Motor vehicle accidents are a leading cause of death for teens. Sure to increase their risk? Driving while impaired.
In fact, I shudder to think of the one or two narrow misses I had as a young adult, before I really understood what alcohol did to my body. Until I was 21, I was the “good kid” who didn’t touch alcohol. On my 21st birthday, I drank three beers while tubing down a Central Texas river. When I stepped out of the river, I grabbed the keys to my car, believing that my swimming thoughts were just what my peers called a “buzz.” Thankfully, my older brother stepped in and named for me what my peers wouldn’t: I was drunk and completely unable to safely drive a car.
The term “buzz” is thrown around a lot in social circles, when teens and young adults don’t want to name that they are incapacitated. I get that. The term “drunk” is negative and sloppy. But buzzed? That’s just having a good time.
Unfortunately, buzzed is synonymous with drunk, and our teens and young adults are at increased risk of injury and death while driving if they believe otherwise. Martha Lockie, director of community outreach for the New Life House Recovery Community, explains, “Car crashes are a leading cause of death for teens, and about a quarter of these car crashes involve an underage drinking driver.” The amount of alcohol consumed doesn’t matter in the statistics — it only matters that the driver was under the influence of any alcohol. She adds that according to the Centers for Disease Control, 2,650 teens died in motor vehicle accidents in 2011, and another 292,000 were treated for crash-related injuries. That’s roughly 600 teens dead from drinking and driving, and another 73,000 injured. This clearly bears our attention, whether we’re calling it buzzed or drunk.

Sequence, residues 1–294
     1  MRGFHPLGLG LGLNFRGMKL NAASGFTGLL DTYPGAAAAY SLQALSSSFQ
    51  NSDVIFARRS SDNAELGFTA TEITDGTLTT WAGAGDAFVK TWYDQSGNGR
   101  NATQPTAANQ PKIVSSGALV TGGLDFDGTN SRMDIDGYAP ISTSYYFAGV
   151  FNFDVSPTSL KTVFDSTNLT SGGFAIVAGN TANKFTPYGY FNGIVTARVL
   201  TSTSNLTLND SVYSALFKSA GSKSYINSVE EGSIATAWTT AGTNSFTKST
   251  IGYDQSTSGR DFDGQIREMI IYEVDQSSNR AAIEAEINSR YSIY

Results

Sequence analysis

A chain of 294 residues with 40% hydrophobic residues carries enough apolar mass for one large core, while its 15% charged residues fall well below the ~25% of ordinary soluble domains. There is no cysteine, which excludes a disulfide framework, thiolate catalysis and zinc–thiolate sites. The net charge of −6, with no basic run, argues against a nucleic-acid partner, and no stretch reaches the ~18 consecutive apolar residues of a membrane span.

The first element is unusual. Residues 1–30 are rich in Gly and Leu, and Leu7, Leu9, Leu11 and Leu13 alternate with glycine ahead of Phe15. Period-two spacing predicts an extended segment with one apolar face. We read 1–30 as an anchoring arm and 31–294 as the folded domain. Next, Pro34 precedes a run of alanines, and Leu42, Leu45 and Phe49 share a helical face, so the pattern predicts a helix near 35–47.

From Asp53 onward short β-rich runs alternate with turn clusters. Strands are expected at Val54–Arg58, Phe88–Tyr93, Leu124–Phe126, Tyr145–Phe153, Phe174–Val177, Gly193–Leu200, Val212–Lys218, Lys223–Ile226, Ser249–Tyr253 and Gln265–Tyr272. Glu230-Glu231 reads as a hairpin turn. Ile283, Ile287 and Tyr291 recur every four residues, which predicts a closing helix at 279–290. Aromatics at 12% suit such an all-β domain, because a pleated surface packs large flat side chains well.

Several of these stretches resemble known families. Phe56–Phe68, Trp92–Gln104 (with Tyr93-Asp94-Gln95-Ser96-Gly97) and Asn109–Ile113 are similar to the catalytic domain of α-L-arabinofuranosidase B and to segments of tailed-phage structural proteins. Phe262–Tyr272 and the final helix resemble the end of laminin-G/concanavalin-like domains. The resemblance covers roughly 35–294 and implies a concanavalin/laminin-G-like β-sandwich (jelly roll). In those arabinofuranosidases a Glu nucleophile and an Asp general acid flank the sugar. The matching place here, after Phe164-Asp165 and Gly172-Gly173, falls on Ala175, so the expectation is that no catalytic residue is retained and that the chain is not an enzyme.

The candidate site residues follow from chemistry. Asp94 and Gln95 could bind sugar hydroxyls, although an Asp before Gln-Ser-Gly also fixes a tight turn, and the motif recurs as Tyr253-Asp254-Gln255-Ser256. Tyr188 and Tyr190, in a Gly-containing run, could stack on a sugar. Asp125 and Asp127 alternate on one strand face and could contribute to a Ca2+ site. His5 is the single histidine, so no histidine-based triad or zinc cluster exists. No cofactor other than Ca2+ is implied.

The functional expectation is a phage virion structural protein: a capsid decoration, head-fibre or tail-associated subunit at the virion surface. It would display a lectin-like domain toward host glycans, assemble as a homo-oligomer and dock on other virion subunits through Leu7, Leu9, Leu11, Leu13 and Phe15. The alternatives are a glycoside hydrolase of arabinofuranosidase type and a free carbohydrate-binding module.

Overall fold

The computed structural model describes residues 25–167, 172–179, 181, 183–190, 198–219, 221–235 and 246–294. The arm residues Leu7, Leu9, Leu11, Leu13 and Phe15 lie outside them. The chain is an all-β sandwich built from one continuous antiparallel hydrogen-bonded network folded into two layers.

Interestingly, Lockie states that a key component of teen drinking behavior is the existence of black and white family rules. This flies in the face of what many parents seem to believe — that moderation and experimentation with alcohol will increase kids’ understanding of the impact of alcohol on the body. It doesn’t, apparently. “Parents need to be as black and white as possible, and institute hard line family rules about drinking and driving,” she says. “It is statistically proven that the longer kids hold off on experimenting, the better chances they have of not becoming addicted in the future.” In other words, the longer kids wait to experiment, the better chance they have of staying alive in those tenuous teen and young adult years.
So, Mom, don’t be cool. Be a hard-ass about alcohol consumption to minimize the risks of your teen driving with a “fun buzz.” It might just keep your kid alive.